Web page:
In very few of the markets in which we sell are we the cheapest. We are usually pretty near the top of the pricing structure in fact with the products we sell – but we do sell, because we provide good product. I think there are ways you can earn your value if you innovate and work in partnership with customers to develop better solutions for them.

Donson:

We deal in small volumes of print orders – I find that on short-run small-format digital print there’s not a lot of difference in price between ordinary and green substrates etc. In other areas of print that’s not the case; greener isn’t always more expensive – but it often is. You need to be able to explain why there’s a difference depending on types of material and market demand, but print buyers don’t always want to hear!

5) Is part of the problem that print buyers for the most part are numbers driven, and printers need to be targeting their ‘sustainability USP’ to a different part of the supply chain – do they need to be talking to a different level/part of the customer base?

Eriksen:

It’s hard to say ‘I want to see your boss’. But it is important to try and build on existing relationships. Don’t look at jobs on a sale-by-sale level but bring the print buyers in, show them what you’re doing and make them understand this is not just a price by square metre or something, but a process. It takes time, but you take the focus off price. I don’t think you need to move up to the boss but have a closer relationship with who’s doing the buying.

Lilienthal:

Even where sustainability is a priority, it might not be the top priority so you’ve got to bear that in mind. Trying to go in at a high level over the normal print buyer’s head might not be a good idea– upsetting the print buyer is not a good move. It’s no good trying to whip them into an understanding – but gradually feed them with information and try and align your message with what they’re doing.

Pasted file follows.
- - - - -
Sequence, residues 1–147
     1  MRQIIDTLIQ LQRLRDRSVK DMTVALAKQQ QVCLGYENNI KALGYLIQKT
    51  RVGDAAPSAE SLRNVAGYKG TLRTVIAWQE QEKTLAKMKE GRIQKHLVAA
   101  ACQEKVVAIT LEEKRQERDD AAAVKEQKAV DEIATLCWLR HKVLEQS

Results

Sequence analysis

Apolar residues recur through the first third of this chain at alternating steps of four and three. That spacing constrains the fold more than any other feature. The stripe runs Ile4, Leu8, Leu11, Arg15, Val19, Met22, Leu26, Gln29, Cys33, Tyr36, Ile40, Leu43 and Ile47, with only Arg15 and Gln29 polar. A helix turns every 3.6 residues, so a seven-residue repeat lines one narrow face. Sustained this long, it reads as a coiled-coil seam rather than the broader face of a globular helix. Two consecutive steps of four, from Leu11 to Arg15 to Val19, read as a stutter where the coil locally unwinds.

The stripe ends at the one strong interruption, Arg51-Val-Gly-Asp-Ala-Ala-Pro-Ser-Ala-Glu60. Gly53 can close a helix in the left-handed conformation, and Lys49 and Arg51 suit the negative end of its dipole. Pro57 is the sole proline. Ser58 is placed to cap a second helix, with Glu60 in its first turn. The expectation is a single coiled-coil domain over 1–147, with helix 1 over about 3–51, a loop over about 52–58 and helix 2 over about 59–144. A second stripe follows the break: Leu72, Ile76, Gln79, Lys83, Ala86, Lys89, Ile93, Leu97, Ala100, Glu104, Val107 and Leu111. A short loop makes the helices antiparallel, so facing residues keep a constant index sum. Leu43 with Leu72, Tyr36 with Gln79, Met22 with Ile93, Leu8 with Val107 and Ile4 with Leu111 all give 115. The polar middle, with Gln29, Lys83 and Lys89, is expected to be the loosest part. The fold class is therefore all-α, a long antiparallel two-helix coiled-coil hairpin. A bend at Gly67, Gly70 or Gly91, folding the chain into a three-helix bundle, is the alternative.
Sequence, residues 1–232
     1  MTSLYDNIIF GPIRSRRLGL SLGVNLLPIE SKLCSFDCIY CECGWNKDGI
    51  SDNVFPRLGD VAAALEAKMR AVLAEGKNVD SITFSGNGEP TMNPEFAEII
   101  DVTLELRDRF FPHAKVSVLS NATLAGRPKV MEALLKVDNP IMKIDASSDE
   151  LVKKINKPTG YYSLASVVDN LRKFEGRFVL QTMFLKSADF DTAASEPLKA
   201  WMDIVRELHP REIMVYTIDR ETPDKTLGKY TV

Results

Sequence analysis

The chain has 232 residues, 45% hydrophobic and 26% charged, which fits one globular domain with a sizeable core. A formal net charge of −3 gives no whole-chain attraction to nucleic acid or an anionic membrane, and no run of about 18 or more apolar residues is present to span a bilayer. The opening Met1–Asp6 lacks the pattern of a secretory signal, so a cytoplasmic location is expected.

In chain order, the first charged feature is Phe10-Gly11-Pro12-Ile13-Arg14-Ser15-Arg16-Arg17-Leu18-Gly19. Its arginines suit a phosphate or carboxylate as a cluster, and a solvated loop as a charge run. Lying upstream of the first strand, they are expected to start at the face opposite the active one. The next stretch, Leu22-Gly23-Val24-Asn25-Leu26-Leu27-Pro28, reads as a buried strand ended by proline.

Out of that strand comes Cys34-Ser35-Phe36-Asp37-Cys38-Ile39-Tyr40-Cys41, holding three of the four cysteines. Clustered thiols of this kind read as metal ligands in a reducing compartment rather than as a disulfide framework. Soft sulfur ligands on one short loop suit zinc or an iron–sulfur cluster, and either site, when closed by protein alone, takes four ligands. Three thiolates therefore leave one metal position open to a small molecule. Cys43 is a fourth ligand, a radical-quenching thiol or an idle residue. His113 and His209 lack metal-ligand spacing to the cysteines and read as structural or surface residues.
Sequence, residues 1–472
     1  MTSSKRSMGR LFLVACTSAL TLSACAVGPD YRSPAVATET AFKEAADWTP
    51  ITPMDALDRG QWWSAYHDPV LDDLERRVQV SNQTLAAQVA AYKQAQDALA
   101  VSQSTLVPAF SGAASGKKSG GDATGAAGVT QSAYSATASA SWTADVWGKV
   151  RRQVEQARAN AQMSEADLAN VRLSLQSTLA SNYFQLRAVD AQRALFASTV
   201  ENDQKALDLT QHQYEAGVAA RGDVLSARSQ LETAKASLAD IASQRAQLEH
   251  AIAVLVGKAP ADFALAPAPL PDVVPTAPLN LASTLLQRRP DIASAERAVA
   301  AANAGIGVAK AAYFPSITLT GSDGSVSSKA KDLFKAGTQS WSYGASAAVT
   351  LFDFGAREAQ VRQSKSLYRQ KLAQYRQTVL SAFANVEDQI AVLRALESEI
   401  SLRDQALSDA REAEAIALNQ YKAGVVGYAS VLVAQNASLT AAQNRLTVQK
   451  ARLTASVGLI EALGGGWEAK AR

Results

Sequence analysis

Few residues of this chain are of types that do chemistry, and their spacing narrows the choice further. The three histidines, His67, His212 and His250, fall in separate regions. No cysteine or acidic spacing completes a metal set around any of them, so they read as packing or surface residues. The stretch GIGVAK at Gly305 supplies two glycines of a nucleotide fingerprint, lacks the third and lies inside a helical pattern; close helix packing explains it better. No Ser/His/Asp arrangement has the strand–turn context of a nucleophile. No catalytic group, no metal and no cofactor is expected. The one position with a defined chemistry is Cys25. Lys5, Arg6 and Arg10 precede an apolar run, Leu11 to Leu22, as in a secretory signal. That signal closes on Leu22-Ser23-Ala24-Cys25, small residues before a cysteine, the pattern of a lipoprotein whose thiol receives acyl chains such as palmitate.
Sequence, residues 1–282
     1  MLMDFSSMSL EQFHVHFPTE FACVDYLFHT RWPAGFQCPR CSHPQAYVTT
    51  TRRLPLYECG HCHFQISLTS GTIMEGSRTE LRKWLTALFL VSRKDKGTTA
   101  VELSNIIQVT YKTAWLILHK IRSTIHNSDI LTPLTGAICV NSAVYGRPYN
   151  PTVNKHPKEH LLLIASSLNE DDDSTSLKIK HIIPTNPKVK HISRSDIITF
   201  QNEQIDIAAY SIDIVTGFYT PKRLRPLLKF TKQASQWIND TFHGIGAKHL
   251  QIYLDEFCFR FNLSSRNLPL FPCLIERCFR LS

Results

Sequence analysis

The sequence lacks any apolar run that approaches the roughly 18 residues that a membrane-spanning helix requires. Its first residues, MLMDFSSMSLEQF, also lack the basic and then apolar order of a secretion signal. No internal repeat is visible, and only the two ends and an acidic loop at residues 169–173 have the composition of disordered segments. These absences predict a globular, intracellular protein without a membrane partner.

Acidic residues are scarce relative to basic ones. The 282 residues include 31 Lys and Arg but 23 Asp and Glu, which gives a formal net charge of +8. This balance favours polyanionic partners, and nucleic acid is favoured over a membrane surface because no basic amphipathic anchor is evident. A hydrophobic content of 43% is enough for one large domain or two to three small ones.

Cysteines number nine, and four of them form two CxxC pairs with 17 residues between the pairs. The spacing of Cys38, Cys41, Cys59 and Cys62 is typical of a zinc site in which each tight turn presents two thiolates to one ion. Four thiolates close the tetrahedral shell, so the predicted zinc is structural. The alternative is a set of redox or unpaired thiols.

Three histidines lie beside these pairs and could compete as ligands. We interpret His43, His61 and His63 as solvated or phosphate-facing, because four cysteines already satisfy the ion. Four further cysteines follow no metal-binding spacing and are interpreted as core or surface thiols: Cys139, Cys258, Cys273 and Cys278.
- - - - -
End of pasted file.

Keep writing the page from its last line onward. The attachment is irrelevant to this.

Sell:

Recycled materials are more expensive on the whole but I talked to our main suppliers and understood that the reason we don’t get the price down is that there isn’t the volume demand.  So told them I’d try and convert as many of my clients as possible to recycled. Now 36% of my clients use the same recycled brand. That’s been achieved because I’ve been able to get the price per tonne down via a lot of work with my supply chain. They’ve understood and believed what I’ve tried to do and worked with us.

Donson

Ideally you want to be talking to the CEO, managers and designers, but you don’t want to be upsetting people – so it’s about patience. Perhaps an option is to send your MD to talk to their MD rather than leaving the conversations up to the sales person.

Frankish:

It’s difficult to get your people talking to the corner office – the directors/CEO – so it’s important as a company to have a structure to talk to all levels of your clients’ businesses.

Do you think part of the issue is that print just isn’t seen as sustainable in general? And if that’s the case, how can individual print producers tackle that perception?

Eriksen:

I do think they know print can be sustainable – but sometimes you need to listen to what they want – not what they ask for. You have to be able to talk them around to a better environmental solution and try to be creative in the solutions you suggest.